As you do not seem to have a regular correspondent from this place, perhaps a few notes occasionally from my pen may not come amiss. 
Ours is a very quiet little community, but since the advent of Cobb's coach daily the traffic through to NSW has been considerable.
The Government neglected to reserve a township here in the early days of selection, but I hear of some private land in the centre of the settlement being cut up into building sites on speculation (viz. Tobin's). The Government have already purchased a block, and tenders have been accepted for building police barracks and lockup thereon.
Mr Tobin, late of the Royal Hotel, Nerang, is about to put up a large hotel, and there is a great deal of talk about a sawmill being shortly erected; the wonder is that the latter had not been done long since, there being such quantities of good timber available that such an enterprise would be certain to prove remunerative to the mill-owner and the district at large. The present good price for pine seems to have given an impetus to timber-getting in that direction, and a considerable quantity is being drawn in the log to Nerang water. We are looking forward confidently to the time when the railway will run through our midst and diffuse great and widespread benefit. Some of our "knowing ones" predict that the time is not far distant.
Contrasted with reports from other places, this district has no cause to complain of the manner in which the clerk of the weather has treated us latterly, as we had some very fine rains early in March, with occasional refreshing showers since. Water is now plentiful, and the fields are beautifully green.

In May, the Brisbane Courier (Tues 13 May 1884 p.6) reported:
Work will soon commence on the Tallebudgera Road to the border, in connection with the Government grant for that purpose. Mr S. Tobin, late of the Royal Mail Hotel here, is putting up commodious hotel premises at Tallebudgera, on the main coach road.
Tobin built the small Tallebudgera Hotel, with 4 bedrooms and 4 sitting rooms and opened it late in 1884.

Logan Witness (Beenleigh),  1 March 1884 p.2

Logan Witness (Beenleigh), Sat 4 Oct 1884 p2

Logan Witness, Sat 13 December 1884 p2- reported:
TALLEBUDGERA- We are glad to see Mr S. Tobin of Tallebudgera invite all his old friends and customers to his house-warming next Friday evening the 19th Inst. Mr Tobin is an old resident of the southern portion of our district well known for his kind and genial heartedness on the road, and to all strangers visiting his hostelry, and we are sure everyone will be heartlily welcome. 'Tis a pity the weather is so hot for a long journey or we should feel inclined to travel all the way to Tallebudgera to do honour to our old friend on the occasion. But we hope those nearer will not fail to put in an appearance and let us have a good account of the enjoyment.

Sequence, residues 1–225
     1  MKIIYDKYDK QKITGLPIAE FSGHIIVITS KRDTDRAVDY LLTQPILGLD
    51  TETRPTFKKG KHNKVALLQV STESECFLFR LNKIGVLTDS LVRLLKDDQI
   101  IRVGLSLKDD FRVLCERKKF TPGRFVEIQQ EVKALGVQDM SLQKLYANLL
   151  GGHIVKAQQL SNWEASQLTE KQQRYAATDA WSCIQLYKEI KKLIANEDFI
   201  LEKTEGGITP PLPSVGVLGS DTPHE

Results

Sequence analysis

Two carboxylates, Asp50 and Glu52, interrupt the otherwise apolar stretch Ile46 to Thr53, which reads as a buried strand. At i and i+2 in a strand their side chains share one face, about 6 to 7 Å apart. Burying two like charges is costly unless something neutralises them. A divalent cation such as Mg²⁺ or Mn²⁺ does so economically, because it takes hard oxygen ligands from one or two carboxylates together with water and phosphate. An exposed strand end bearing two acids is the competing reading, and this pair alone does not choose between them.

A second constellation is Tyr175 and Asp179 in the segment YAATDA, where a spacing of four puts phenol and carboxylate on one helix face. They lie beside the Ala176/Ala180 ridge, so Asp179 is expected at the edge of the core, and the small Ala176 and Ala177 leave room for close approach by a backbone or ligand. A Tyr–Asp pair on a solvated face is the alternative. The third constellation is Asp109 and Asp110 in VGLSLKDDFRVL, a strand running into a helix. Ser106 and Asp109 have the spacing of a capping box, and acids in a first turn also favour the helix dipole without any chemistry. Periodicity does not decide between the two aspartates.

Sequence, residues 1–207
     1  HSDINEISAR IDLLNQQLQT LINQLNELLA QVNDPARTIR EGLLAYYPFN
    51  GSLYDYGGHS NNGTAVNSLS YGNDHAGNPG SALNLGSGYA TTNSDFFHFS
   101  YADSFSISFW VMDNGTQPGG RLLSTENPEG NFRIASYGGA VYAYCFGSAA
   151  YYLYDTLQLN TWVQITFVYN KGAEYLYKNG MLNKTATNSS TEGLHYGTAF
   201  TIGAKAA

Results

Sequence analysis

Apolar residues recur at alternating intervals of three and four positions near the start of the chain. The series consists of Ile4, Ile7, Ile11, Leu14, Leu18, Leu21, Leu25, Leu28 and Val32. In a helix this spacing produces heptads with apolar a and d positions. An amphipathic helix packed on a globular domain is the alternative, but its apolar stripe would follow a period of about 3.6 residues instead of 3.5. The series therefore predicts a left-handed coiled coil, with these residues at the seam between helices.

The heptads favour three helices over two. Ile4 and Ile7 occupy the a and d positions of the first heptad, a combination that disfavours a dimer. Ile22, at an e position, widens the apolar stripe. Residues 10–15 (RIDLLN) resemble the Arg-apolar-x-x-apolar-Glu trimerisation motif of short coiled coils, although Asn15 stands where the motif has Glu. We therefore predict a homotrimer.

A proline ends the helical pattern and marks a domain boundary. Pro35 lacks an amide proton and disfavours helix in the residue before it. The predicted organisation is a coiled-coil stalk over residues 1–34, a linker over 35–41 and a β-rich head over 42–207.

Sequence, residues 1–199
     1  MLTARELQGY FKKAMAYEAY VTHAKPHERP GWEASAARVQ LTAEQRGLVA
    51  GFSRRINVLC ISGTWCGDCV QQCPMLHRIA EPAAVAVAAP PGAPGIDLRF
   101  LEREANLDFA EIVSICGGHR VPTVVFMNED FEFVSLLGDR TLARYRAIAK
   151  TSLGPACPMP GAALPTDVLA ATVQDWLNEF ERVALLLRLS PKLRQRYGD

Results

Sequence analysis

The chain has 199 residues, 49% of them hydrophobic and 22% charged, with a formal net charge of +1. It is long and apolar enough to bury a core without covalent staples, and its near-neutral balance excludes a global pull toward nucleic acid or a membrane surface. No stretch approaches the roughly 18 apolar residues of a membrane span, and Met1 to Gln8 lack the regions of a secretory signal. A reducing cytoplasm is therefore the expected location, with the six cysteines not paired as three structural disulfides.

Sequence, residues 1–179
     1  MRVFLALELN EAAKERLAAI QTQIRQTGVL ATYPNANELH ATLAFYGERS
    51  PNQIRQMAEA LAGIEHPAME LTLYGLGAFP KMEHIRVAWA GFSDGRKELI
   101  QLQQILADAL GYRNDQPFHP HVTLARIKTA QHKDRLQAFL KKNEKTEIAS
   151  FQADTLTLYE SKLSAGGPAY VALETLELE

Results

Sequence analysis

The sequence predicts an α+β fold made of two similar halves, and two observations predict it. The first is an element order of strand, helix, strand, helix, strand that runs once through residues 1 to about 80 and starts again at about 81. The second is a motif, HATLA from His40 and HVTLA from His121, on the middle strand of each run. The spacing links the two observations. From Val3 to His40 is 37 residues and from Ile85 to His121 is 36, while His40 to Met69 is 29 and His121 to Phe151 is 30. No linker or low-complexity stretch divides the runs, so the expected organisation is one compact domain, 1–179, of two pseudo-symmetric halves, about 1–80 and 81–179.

The Queensland Figaro Sat 20 Dec 1884 p.14 announced:
S. Tobin of Tallebudgera, has opened his new pub and was to give a house-warming there tonight. Tobin is well-known on the road, and makes everybody heartily welcome
An advertisement in the Logan Witness Sat 13 Dec 1884 p2,  had:         

                              Tallebudgera Hotel and street in 1894

Tallebudgera township  c.1904 . The hotel shown may have been called the ‘Victoria’, the new name for the Tallebudgera Hotel.

The Logan Witness Sat 17 January 1885 p.3 reported on Tallebudgera (From our own Correspondent):
Saturday was a gala day for the children here, the teacher, Mr Duggan, going to a great deal of trouble to provide a day's amusement for them during the Christmas vacation. They had all the usual sport-running, jumping, swings, etc., a plentiful repast, spread in the shade of trees, and a Christmas tree, on which there was a present for every scholar. At the close of the day, Mr Tobin distributed the special prizes, saying a few words of encouragement to each fortunate recipient, and called for three cheers for Mr and Mrs Duggan, which were heartily given by young and old. 
Works on our much needed bridge have been at a standstill for a month past, but tenders are now called for its erection, and we may hope to see it completed shortly. Much inconvenience has been felt by passengers in the coach at high tides.
The new police quarters are growing apace, and give quite a look of importance to our quiet little settlement.